Mikhail Baryshnikov, Dancer and Choreographer
The lives and works of many of the actors, choreographers and musicians captured in Wilson’s video portraits are defined by action, rhythm, movement and performance. And yet most sitters are depicted in extended moments of stasis. ‘I have been fascinated with stillness and the movement that is in stillness…’ Wilson observes.
In this video portrait the celebrated ballet dancer, choreographer and actor Mikhail Baryshnikov is portrayed as the martyr Saint Sebastian, pinned to a column with arrows. Only the drip of blood from his wound disturbs the otherwise static image. The portrait is accompanied with a classical score by Wilson’s long-time collaborator Michael Galasso, evocative of transcendence through pain. Wilson draws on the Italian Renaissance depiction of the martyred saint for Baryshnikov’s pose, in particular Andrea Mantegna’s painting Martyrdom of St Sebastian c. 1456-59.
Both Mantegna and Wilson are indebted to classical sources for the pose of St Sebastian. The Ancient Roman sculpture of Aphrodite, the Greek goddess of love displayed nearby depicts the partially clad marble in the contrapposto position supported by a caryatid column in female form. Aphrodite’s weight rests on one leg and her knee is bent, the pose emphasises the curve of her hip and sensuous line of her draped torso and brings a sense of vitality to her body.
Robert Downey Jr, Actor
Although Robert Wilson’s video portraits do not have a fixed interpretation, they are laden with stories. In this portrait of the actor Robert Downey Jr, Wilson has based his composition on Rembrandt’s famous Dutch painting The anatomy lesson of Dr Nicolaes Tulp, 1632. In Wilson’s work Downey Jr’s body is bathed in the green light of an operating theatre. His head faces the viewer, while his left arm – a dummy – is being operated on. The body appears lifeless, yet it is obviously still breathing, evident by the actor’s gently rising chest and the movement of his eyes. The video portrait features the distinct vocals of American musician Tom Waits, whose narrative song adds to the surreal atmosphere.
Zhang Huan, born 1966, is a foremost contemporary Chinese artist who has established a powerful reputation for his provocative and influential practice working in performance, installation and photography. His time-intensive performances test his own physical and mental endurance. He now lives in Shanghai after working for eight years in New York. One series of works involves sculptures made from incense ash on a massive scale that slowly decay; suggesting ideas of duration, impermanence, and the cyclic nature of destruction and renewal. Wilson has depicted the artist as if floating in clouds at dawn or dusk, surrounded by fluttering Monarch butterflies. Monarchs have remarkable migration patterns, travelling some 3000 kilometres annually from Canada and North America to Mexico, returning to the same forest for hibernation each year.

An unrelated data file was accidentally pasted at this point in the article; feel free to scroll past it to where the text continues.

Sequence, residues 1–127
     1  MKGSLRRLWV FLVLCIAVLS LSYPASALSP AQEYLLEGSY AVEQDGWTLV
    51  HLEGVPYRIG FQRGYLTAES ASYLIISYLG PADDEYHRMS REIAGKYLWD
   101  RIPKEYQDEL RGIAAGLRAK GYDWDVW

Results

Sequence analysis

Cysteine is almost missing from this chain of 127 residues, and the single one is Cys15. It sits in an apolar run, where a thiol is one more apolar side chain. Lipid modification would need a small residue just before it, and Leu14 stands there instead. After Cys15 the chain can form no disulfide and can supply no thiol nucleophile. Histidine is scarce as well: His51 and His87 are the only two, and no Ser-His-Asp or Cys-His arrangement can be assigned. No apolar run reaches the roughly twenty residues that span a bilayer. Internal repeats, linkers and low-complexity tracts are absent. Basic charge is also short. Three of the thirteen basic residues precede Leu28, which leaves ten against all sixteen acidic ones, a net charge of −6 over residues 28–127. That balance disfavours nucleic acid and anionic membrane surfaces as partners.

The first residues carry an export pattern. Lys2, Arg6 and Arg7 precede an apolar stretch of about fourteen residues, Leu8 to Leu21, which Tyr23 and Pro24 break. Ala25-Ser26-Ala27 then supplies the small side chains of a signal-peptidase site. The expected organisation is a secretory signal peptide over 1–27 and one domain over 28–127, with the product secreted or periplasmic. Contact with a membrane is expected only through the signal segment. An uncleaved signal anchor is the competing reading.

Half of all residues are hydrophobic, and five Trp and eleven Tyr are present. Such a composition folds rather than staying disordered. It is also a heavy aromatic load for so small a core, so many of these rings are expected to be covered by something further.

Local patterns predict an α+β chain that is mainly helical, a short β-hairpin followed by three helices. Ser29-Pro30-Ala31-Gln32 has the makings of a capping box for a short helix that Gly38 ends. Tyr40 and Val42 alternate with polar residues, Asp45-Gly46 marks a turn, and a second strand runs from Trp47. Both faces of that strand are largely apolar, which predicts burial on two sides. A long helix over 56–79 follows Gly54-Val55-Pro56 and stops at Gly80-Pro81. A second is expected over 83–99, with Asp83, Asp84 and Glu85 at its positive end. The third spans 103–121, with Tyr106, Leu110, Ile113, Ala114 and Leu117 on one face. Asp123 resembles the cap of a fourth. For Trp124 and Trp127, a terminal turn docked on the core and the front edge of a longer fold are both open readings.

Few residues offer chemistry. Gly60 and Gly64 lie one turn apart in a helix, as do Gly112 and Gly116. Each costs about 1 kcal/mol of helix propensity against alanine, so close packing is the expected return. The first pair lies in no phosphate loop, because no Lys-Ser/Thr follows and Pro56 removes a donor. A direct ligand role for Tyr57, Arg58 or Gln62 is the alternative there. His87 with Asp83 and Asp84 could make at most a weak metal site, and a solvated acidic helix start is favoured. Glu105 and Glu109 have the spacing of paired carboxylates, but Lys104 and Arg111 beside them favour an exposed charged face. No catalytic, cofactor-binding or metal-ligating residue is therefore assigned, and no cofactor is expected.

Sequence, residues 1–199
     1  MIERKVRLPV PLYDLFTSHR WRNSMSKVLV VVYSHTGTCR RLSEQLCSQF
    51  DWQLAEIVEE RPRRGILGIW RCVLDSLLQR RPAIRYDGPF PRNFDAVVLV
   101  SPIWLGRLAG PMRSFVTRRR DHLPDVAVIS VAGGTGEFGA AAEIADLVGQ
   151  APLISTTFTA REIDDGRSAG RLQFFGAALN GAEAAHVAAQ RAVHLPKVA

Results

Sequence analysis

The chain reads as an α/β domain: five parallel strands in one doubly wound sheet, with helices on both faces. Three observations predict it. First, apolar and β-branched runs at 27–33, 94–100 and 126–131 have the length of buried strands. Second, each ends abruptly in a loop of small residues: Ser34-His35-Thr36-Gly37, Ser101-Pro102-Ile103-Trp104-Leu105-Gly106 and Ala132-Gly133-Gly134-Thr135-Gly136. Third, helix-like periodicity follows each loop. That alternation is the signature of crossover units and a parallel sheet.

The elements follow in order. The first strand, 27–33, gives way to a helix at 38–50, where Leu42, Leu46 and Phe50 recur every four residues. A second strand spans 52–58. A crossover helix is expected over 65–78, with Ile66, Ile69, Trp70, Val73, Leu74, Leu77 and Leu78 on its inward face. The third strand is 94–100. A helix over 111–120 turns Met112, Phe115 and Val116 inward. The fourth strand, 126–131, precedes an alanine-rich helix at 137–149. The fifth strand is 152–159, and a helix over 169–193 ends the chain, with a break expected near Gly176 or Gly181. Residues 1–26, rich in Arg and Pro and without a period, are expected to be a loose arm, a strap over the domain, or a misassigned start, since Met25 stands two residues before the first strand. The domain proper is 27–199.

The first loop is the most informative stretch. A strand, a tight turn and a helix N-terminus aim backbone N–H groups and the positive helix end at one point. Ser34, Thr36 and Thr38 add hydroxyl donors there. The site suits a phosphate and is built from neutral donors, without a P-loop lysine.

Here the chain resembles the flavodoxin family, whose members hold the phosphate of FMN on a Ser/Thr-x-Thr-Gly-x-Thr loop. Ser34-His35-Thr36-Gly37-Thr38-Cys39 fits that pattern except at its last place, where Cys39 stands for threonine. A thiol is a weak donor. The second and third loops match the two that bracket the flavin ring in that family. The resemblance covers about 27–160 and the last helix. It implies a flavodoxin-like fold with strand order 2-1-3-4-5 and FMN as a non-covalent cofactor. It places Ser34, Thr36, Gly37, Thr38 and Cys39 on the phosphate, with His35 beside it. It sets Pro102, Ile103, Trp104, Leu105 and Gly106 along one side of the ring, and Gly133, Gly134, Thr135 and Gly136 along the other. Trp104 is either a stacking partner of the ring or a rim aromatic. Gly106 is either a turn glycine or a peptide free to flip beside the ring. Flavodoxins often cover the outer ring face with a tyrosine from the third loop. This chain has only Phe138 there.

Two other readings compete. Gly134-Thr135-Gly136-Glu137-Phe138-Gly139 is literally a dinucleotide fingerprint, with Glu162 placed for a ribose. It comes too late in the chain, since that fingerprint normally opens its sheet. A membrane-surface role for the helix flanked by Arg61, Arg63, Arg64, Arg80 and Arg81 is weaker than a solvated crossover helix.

Paired with Zhang Huan is a beautiful Standing Buddha from nineteenth-century Thailand in wood, lacquer and gold. The Khmer style statue depicts the enlightened being of Gautama Buddha making the abhaya gesture of fearlessness with his right hand. The figure is carved without an upper garment as the sculptor would have intended the image to be draped in an actual monk’s robe as an offering from a lay person. The gesture of fearlessness, according to Thai Theravadin Buddhist tradition, relates to an event in the historical Buddha’s life when he arrived at the ancient Bihar city of Vesali that was being cursed by drought, famine, plague and demons. The Buddha stood with great stillness in deep concentration, recollecting the transcendental virtues he had achieved in previous lives, this caused tumultuous rain to fall thus cleansing the city of pollutants. As Wilson says: ‘The still life is a real life.’
William Pope. L, Artist
This portrait of the American artist William Pope.L situates him within an idyllic scene of green grass and blue skies, behind a white picket fence, accompanied by the nursery rhyme, ‘Mary had a little lamb’ sung off-key. William Pope.L is an influential black artist who has focused on the politics of race for over forty years, using humour and absurdity in his performances and installations. His body is painted white, he is clothed in only in his underwear and boots and sports a paper crown and holds up an egg as he surveys his kingdom. In this gallery William Pope.L is surrounded by representations of saints, martyrs and goddesses and comfortably holds a majestic pose, representing a mirror to the stereotype of the ‘white American dream’. Robert Wilson writes, ‘An artist recreates history, not like a historian, but as a poet. The artist takes the communal ideas and associations that surround the various gods of his or her time and plays with them, inventing another story for these mythic characters.’
Prophet Isaiah, Apostle St Peter, Sundar Singh, Christian Waller
This set of three windows by the Australian painter, writer, designer, and stained-glass artist were acquired for the Gallery by James and Diana Ramsay in 1995 from the Diocese of Bendigo. The windows had been displayed at All Saints’ Church, Bendigo. To commemorate the Gallery’s 1996 extension, they were installed permanently in this room. After some years off display, they have been revealed for this exhibition, given their inherent and transforming use of light and stylised portraiture. The figures represent the time scale of the Christian church: the Old Testament, the time of Christ and the modern era. The windows depict, from left to right: Isaiah, the Apostle Peter, and Sadhu Sundah Singh, a twentieth-century Indian Christian mystic.